Kenyan government losses more than Ksh.85 billion every year, thanks to illicit brew that has stormed the market due to expensive legitimate brews.
Beer distributors in the country say illicit brews in the county account for 490 million litres that is being consumed every year.
According to Maina Gikonyo, the Managing Director of Rwathia Distributors, this trend is likely to get worse due to the government’s decision to increase excise duty on alcoholic beverages.
The Finance (Amendment) Bill, 2022, which is currently before the National Assembly for consideration, proposes an increase on Excise Duty on beer by 20 percent and on locally manufactured glass by 25 percent.
There is also a proposal to impose a 15 percent Excise Duty on advertisements for alcohol.
“We need the government to decide if their intention is to increase the cost of indulging in what they refer to as “a sin” or maximise tax revenue collections,” said Gikonyo.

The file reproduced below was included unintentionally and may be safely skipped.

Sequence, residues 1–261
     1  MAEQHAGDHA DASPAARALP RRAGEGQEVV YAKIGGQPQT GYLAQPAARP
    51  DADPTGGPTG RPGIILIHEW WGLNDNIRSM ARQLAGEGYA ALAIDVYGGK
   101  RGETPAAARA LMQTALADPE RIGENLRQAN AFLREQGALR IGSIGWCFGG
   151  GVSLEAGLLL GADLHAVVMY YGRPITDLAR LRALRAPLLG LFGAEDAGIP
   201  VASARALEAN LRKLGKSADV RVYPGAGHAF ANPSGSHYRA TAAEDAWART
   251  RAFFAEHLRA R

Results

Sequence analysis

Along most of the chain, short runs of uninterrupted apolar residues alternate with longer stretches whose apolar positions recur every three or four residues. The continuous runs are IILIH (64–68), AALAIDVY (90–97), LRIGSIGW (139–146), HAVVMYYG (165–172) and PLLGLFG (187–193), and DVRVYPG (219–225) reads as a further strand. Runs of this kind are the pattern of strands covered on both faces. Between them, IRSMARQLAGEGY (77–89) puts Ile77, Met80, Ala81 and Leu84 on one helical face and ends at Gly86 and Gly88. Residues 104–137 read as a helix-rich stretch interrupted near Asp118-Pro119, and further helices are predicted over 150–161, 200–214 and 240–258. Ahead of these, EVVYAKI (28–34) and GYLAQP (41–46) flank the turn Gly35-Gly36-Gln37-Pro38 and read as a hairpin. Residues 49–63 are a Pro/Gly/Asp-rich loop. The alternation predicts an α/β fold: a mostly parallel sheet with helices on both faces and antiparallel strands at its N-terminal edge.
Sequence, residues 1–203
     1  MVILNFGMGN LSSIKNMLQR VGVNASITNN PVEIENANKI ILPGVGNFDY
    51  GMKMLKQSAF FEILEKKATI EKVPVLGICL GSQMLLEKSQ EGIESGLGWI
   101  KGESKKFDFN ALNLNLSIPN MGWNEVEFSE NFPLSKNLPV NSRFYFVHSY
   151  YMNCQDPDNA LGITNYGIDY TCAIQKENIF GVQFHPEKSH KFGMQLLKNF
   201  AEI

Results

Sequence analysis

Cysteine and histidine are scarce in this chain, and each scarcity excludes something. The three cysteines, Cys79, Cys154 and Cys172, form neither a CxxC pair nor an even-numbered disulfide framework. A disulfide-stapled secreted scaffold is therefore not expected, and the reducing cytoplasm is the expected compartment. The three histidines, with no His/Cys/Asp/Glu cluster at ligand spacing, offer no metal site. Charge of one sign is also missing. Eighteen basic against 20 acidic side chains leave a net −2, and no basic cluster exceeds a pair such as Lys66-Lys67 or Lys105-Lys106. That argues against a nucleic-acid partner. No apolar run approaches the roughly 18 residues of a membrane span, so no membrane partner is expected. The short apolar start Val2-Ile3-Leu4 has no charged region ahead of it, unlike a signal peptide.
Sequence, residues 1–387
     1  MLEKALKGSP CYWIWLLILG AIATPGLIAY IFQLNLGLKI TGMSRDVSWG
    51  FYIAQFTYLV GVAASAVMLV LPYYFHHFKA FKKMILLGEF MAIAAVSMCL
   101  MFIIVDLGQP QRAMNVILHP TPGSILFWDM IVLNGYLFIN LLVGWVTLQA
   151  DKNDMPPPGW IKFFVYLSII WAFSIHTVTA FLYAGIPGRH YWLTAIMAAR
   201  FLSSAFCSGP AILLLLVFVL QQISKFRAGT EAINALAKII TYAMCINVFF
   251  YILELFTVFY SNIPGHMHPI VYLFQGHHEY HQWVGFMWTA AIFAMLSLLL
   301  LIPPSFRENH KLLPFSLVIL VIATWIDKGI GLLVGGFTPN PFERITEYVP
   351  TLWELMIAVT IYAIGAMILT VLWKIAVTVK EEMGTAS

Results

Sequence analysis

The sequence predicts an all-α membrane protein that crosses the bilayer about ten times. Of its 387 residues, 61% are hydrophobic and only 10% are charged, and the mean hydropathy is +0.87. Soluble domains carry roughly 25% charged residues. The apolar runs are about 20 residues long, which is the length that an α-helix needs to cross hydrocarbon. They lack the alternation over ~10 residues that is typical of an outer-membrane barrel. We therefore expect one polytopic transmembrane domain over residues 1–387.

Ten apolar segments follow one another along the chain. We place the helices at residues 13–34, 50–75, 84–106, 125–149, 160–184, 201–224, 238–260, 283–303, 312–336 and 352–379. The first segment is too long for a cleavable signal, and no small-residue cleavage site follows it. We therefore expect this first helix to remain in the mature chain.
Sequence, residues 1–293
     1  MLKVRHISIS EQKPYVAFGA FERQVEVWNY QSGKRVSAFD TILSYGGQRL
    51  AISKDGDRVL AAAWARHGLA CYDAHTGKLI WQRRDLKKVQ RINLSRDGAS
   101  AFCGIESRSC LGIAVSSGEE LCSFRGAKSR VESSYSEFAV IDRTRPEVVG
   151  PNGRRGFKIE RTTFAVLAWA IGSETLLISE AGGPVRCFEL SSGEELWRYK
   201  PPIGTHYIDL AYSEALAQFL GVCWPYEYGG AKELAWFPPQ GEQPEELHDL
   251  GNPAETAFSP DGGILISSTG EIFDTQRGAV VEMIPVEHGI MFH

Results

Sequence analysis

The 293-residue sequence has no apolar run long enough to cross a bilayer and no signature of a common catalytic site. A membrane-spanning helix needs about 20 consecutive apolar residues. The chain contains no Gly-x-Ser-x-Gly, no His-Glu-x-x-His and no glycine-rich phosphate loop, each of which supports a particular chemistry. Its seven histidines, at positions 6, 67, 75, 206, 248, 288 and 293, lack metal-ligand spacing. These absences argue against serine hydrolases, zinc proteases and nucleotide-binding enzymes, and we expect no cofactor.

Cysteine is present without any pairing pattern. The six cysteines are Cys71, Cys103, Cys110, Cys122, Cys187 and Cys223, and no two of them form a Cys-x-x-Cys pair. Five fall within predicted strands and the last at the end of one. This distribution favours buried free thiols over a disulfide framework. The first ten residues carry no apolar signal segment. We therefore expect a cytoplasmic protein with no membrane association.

The taxes will result in an increase in prices that are likely to drive down demand for legal alcoholic beverages and affect a sector that is yet to recover from the coronavirus effects.
Since the onset of the pandemic on March 13, 2020, the number of alcohol dealers in Kenya has sunk to 32,000 from 40,000 – translating to a loss of Ksh.7.2 billion in personal income.
In 2015, the government increased the tax on sorghum-based beer, destroying a value chain that resulted in the loss of lives when Kenyans could not cop with expensive legitimate liquor.
However, beer distributors have called on legislatures to reconsider the Bill to help them recover from the shocks of the pandemic.
“…we make an appeal to the Executive and the Members of Parliament to reconsider a proposal to increase taxes on three areas that affect our ability to continue doing business and contribute to the Kenyan economy.”